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Swan Neck Deformity


Updated June 27, 2014

Definition: A swan neck deformity is a finger condition that prevents you from being able to fully straighten your finger. Three finger joints that can be seen when you make a fist. In a swan neck deformity, the joint in the middle is hyperextended (beyond straight), while the joint at the tip of the finger is flexed (bent).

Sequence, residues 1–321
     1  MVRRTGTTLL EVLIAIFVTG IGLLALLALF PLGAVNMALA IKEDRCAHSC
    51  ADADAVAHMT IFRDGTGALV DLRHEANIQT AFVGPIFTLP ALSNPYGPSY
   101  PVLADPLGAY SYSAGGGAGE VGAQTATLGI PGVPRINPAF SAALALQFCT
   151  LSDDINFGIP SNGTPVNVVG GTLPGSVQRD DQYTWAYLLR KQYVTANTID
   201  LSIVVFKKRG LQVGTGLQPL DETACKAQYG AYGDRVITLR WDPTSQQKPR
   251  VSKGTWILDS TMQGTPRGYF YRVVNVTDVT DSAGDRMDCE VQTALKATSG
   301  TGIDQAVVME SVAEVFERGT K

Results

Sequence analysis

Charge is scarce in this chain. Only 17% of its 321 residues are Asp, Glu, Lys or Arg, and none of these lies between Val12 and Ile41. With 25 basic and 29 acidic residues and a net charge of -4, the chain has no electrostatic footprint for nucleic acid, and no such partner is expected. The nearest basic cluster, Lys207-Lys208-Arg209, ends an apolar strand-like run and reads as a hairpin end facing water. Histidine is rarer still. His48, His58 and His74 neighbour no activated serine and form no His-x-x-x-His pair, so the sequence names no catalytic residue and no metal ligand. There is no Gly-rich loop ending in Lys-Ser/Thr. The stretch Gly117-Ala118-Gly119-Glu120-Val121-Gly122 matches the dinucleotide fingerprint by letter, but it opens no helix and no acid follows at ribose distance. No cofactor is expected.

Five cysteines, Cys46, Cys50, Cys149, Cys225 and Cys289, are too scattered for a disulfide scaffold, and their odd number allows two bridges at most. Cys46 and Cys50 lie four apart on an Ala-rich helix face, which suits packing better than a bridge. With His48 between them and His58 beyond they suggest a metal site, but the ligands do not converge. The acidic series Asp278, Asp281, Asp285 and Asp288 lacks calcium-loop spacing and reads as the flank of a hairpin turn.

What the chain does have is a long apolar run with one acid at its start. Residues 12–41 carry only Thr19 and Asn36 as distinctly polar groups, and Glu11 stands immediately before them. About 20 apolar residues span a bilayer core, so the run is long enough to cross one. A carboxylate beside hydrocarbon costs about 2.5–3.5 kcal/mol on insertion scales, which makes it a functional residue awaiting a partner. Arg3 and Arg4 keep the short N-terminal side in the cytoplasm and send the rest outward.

The reason a swan neck deformity occurs is due to a tendon problem on the back of the hand. When not functioning normally, the tendons are unable to perform their normal functions, including straightening the finger. The most common causes of a swan neck deformity are either an untreated mallet finger, or rheumatoid arthritis of the fingers.


Boyer MI and Gelberman RH "Operative correction of swan-neck and boutonniere deformities in the rheumatoid hand" J. Am. Acad. Ortho. Surg., Mar 1999; 7: 92 - 100.

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